by Paul R. Spitzzeri
As noted in a post here in January 2017, building activity in downtown Los Angeles, during this latest real estate and development boom in the region, has been the heaviest since the 1920s, particularly the first half of that decade. That post noted that Walter P. Temple was an investor in two commercial buildings, the Great Republic Life and National City Bank structures located between Main and Spring and near 8th and 9th streets, that were financed with bonds offered by the prominent investment bond firm of S. W. Straus and Company.
Today’s post highlights a pair of artifacts from the Homestead’s collection, comprising a prospectus and flyer from another Straus bond offering for the Edwards & Wildey Building and Annex, located at the southwest corner of Grand Avenue and Sixth Street in downtown Los Angeles.
The main structure and two-story annex on Sixth were developed by a busy real estate development and construction firm, Edwards & Wildey Company, which was launched in 1904 as Edwards & Winters before Harry Winters left the firm and Otto Wildey joined Godfrey Edwards as a namesake partner three years later during another of the long series of booms that have characterized the region’s development.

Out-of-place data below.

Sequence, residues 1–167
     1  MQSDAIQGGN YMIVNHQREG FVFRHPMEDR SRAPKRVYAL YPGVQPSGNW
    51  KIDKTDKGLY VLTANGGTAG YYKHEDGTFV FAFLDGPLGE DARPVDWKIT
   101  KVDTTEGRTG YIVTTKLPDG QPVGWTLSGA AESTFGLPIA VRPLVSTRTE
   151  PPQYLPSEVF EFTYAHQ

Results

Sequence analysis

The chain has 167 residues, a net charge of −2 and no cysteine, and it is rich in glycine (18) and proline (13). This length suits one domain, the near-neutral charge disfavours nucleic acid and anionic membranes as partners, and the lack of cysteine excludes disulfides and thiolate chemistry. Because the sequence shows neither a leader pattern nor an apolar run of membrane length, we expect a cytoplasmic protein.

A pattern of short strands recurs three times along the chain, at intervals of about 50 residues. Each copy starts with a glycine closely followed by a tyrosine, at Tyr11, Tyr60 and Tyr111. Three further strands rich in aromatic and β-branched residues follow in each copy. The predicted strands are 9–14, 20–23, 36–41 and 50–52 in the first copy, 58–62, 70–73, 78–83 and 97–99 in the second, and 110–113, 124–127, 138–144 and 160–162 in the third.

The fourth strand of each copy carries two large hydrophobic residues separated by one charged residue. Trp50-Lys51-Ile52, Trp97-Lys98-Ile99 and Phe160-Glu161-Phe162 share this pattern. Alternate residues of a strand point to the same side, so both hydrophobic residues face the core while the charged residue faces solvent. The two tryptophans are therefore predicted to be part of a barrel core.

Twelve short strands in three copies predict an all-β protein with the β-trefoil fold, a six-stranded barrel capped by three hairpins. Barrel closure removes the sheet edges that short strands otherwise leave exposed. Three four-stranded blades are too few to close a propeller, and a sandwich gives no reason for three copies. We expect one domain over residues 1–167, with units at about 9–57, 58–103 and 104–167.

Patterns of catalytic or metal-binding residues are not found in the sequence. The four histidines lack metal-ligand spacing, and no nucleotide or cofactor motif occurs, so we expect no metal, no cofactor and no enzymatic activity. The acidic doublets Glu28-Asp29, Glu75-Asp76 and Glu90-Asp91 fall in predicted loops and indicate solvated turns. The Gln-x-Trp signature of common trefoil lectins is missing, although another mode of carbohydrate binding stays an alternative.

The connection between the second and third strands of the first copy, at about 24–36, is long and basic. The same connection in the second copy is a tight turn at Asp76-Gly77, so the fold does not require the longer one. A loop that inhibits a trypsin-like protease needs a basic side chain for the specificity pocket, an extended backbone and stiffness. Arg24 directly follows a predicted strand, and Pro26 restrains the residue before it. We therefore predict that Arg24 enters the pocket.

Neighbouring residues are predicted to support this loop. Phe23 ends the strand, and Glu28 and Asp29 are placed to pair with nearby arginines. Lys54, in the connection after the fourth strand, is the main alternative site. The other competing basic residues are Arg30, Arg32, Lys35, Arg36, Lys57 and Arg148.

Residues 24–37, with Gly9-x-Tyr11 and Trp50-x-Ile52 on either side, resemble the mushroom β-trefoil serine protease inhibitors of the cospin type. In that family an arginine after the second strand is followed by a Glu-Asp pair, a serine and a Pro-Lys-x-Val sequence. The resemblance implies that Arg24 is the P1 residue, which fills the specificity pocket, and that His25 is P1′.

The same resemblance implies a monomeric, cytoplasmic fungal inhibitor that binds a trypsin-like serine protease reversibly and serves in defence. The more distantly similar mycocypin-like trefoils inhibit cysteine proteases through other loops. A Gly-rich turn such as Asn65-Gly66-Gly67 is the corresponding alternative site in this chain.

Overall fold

Edwards was born in Esher, England, southwest of London, in 1873 and emigrated to the United States with his family when he was eleven years old. He became an American citizen in 1895 and was an upholstery company salesman there and in San Francisco, but was said to be trained as a civil and structural engineer, though not with formal education.
In 1904, he married Olive Hickson and the couple adopted five children, a point made obvious on the enumeration sheet for the 1920 census when the couple resided in Eagle Rock (they shortly after moved to a large mansion near Millionaires Row in Pasadena.) At the peak of his career in real estate and construction and not long after his namesake building was finished, Edwards died in January 1928 of double pneumonia at age 54.
Wildey was born in Centralia, Washington, southwest of Seattle in 1880 to a British father who was a farmer and a British-Canadian mother, and came to greater Los Angeles in 1895, graduating from Whittier College. He worked as a bookkeeper for the same Los Angeles branch of the San Francisco upholstery supply company that employed Edwards before becoming secretary and treasurer of Edwards & Winter and then principal of Edwards & Wildey.
In 1902, he married widower Nella Deardon Modie and the couple was married for about twenty years before separating, then divorcing. After Edwards’ death, Wildey, who was a fine musician and supporter of the arts, kept the firm going for a brief time and then formed his own real estate company, which was active in the development of North Hollywood. He died at his ranch in Covina in 1942 at age 62.